LONDON — The Swiss bank UBS said on Wednesday that it would pay more than $500 million in fines to the authorities in the United States for its role in the manipulation of currency markets and benchmark interest rates.
UBS said it would not face a criminal charge over currency misconduct but would be required to separately plead guilty to a criminal charge for its prior conduct over the manipulation of the interest rates, including theLondon interbank offered rate, or Libor, after the Justice Department tore up a 2012 nonprosecution agreement.
The agreement with UBS resolves a series of investigations by the Justice Department and other authorities in the United States, including banking regulators in Connecticut, into manipulation of currencies.
“The conduct of a small number of employees was unacceptable and we have taken appropriate disciplinary actions,” Axel A. Weber, the UBS chairman, and Sergio P. Ermotti, the UBS chief executive, said in a news release.
“We made significant investments to strengthen our control framework and compliance programs,” they said. “We self-detected this matter and reported it to the U.S. Department of Justice and other authorities. Our actions demonstrate our determination to pursue a policy of zero tolerance for misconduct and a desire to promote the right culture in our industry.”
UBS was among a group of the world’s largest banks that paid a combined $4.25 billion in November to settle with British and Swiss regulators and the Commodity Futures Trading Commission of the United States for their role in manipulating foreign currency markets.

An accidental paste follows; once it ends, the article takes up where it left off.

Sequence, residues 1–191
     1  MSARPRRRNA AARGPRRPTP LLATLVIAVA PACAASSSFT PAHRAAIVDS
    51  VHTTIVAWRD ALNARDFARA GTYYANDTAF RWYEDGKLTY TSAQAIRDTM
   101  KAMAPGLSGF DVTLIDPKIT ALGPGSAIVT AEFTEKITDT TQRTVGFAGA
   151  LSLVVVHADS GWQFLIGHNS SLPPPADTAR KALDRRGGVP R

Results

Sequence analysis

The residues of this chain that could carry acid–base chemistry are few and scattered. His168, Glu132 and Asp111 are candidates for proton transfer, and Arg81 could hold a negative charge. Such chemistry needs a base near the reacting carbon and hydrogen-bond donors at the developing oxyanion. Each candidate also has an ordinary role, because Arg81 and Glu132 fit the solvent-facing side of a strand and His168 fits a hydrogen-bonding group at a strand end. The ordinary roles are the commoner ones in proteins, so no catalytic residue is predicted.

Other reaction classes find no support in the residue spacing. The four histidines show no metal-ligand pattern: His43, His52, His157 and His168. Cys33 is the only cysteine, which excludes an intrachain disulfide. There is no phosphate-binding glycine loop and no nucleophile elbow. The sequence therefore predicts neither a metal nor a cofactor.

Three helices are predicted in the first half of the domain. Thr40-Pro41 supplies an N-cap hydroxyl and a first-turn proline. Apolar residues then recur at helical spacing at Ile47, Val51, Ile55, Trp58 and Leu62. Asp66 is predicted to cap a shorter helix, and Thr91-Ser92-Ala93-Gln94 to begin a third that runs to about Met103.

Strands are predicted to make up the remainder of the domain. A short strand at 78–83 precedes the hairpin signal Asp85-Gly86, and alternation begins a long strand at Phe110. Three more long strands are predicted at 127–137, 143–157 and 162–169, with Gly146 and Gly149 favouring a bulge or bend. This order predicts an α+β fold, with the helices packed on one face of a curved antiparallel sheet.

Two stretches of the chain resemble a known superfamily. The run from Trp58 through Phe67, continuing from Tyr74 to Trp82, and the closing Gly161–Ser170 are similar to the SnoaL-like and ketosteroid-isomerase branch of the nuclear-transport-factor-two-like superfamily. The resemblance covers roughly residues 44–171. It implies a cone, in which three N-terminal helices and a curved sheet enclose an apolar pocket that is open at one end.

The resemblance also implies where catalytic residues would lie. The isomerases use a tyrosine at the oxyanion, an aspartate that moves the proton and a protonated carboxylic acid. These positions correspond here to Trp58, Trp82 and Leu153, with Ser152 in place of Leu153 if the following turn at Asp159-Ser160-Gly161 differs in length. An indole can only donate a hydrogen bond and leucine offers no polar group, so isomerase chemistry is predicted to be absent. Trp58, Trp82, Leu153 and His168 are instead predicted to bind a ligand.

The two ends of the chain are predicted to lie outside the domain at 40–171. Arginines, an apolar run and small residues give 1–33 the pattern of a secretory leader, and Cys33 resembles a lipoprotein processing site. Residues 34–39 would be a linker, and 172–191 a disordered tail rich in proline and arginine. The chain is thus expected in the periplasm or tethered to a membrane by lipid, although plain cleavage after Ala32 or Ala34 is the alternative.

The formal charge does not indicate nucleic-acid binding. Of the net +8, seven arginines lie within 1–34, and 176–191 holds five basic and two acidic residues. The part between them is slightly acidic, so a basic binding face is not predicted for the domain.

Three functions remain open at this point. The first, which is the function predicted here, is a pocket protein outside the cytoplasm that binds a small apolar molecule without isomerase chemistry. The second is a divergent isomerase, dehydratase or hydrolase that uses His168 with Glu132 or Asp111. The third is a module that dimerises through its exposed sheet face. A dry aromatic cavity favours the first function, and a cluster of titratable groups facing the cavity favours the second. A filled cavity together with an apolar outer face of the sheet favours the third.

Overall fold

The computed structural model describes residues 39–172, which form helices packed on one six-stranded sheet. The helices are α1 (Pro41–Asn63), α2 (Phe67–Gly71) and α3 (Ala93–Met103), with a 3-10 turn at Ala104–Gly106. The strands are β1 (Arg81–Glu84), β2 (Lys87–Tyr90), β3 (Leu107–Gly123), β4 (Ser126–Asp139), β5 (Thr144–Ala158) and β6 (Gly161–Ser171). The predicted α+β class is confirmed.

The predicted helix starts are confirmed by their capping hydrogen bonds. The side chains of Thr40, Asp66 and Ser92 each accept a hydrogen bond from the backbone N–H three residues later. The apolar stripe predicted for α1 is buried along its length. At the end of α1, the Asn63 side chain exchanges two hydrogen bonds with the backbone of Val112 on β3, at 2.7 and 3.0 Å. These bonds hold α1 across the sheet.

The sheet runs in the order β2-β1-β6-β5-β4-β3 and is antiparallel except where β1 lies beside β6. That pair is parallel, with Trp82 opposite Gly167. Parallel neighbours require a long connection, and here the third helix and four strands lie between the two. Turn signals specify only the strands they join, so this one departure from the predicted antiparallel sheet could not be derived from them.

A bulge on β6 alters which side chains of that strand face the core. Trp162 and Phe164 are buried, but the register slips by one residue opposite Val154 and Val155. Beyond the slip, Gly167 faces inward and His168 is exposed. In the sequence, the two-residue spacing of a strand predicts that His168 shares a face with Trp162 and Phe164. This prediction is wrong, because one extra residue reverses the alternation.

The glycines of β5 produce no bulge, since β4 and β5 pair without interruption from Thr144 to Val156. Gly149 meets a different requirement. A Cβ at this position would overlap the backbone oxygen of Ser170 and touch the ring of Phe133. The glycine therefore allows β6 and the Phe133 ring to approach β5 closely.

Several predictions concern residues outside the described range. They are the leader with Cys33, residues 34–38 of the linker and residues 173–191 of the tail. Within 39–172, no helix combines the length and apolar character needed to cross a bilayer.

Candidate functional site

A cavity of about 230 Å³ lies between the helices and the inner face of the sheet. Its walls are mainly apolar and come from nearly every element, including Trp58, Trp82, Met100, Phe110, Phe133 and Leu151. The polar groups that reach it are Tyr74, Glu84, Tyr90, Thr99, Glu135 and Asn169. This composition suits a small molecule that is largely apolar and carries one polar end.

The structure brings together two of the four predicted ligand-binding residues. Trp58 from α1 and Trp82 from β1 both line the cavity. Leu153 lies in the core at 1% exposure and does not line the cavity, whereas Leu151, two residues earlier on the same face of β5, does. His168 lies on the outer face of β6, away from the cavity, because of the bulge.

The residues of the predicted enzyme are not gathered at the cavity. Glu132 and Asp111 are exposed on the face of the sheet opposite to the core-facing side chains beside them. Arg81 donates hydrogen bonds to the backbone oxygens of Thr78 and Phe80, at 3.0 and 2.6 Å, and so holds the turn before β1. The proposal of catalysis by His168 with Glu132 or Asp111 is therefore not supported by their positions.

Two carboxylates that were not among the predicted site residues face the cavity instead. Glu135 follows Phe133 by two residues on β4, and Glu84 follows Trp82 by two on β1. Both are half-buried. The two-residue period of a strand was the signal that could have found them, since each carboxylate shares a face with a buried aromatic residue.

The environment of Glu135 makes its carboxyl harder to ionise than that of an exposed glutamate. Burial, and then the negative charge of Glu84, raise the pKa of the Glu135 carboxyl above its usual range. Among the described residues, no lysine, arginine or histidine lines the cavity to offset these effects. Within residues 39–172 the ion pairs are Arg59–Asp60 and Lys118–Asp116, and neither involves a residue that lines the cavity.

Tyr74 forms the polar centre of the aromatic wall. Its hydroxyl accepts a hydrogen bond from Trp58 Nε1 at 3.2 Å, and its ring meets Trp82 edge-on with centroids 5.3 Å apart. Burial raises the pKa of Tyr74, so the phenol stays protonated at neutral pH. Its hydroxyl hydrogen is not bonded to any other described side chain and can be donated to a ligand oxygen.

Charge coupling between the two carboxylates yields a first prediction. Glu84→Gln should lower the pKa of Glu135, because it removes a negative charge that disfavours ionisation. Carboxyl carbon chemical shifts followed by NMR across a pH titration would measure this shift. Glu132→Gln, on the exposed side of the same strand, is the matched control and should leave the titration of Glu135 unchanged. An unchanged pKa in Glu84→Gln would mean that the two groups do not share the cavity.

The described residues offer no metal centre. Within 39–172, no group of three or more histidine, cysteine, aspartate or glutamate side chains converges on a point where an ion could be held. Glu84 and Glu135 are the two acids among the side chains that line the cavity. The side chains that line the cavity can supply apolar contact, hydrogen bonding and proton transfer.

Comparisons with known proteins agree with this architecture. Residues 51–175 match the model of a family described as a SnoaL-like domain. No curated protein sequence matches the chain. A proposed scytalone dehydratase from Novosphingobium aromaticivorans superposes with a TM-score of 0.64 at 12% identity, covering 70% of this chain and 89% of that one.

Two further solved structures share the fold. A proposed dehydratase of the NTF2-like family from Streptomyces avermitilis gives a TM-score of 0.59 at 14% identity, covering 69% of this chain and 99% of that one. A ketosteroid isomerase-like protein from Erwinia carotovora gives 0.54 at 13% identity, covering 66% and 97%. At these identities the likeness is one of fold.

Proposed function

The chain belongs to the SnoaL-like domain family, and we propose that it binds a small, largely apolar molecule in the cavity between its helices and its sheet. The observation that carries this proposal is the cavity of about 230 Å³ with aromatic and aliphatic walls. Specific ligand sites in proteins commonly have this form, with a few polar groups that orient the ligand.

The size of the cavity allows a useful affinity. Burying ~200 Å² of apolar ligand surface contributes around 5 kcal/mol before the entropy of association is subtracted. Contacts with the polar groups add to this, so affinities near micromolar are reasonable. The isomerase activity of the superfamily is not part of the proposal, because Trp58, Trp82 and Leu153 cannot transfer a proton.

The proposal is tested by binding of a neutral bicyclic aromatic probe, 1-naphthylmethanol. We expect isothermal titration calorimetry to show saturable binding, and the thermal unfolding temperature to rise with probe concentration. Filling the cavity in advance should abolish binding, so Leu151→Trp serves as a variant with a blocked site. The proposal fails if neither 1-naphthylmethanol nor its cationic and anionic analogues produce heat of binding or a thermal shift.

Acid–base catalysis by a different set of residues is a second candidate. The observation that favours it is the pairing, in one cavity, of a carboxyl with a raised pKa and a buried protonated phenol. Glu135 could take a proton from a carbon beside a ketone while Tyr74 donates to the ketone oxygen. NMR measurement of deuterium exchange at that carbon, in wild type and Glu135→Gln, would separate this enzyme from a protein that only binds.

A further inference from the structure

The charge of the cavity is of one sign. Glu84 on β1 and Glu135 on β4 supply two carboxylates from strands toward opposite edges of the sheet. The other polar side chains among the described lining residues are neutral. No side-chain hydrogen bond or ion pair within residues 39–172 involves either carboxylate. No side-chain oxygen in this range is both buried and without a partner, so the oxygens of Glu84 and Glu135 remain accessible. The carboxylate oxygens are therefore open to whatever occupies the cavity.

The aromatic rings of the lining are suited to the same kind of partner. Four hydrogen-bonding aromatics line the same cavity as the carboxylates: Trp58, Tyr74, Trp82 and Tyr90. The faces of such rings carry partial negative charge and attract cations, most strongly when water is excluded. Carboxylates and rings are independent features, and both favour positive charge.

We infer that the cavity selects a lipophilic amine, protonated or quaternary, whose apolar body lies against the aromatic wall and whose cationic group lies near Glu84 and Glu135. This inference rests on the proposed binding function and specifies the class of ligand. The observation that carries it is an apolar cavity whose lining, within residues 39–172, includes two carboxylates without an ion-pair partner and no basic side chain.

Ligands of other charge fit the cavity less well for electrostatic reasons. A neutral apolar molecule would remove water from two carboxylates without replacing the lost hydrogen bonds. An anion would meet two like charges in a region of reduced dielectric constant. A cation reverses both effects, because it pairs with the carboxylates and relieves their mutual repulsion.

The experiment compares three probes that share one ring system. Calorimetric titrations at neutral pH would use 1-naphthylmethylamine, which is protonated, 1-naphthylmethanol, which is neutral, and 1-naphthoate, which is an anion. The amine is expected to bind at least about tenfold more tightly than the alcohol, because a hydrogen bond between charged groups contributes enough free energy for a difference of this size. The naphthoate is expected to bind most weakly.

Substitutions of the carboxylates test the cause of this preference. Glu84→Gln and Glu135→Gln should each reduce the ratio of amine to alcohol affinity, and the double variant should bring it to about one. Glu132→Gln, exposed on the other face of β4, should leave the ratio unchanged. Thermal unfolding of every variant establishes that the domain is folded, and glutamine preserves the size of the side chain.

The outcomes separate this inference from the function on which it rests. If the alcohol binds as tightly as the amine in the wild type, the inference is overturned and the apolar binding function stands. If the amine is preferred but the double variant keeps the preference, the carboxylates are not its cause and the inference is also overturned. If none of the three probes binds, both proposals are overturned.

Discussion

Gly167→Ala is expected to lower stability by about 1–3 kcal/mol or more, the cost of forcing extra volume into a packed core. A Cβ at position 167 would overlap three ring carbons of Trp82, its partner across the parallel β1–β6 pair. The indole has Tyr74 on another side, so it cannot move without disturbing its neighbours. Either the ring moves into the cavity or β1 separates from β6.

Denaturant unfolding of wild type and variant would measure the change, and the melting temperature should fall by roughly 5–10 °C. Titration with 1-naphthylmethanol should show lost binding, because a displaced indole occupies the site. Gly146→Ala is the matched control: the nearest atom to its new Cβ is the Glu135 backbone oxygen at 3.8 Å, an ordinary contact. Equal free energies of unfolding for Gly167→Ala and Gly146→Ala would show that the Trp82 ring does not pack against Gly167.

As part of its latest agreement with the American authorities, UBS will pay a penalty of $342 million to the Federal Reserve related to the foreign currency investigation, but will receive conditional immunity from prosecution by the Justice Department’s antitrust division. UBS said this reflected its role as the firm that first reported potential misconduct to the Justice Department.
The Fed and the Connecticut Department of Banking will also jointly issue a cease-and-desist order finding that UBS engaged in “unsafe and unsound business practices” relating to its currency trading business, UBS said.
In December 2012, UBS agreed to pay a combined $1.5 billion to the authorities in the United States, Britain and Switzerland for its role in a multiyear scheme to manipulate benchmark interest rates.
As part of its prior settlement, the bank’s Japanese subsidiary pleaded guilty to a criminal charge of wire fraud in the United States, but the parent company was allowed to enter a nonprosecution agreement as a result of its cooperation in the Libor investigation.
The agreement was set to run for two years and called for UBS to avoid prosecution if it did not commit any “United States crime whatsoever,” if it continued to cooperate with the continuing Libor investigation and if it came forward with information about potential misconduct by the bank or its employees.
Because its conduct violated that agreement, UBS will plead guilty to a criminal charge of wire fraud in the Libor matter, pay a $203 million fine and accept a three-year term of probation.
An earlier version of this article misstated the amount UBS agreed to pay to the authorities in the United States, Britain and Switzerland in December 2012. It was $1.5 billion, not $1.5 million.
Source: The New York Times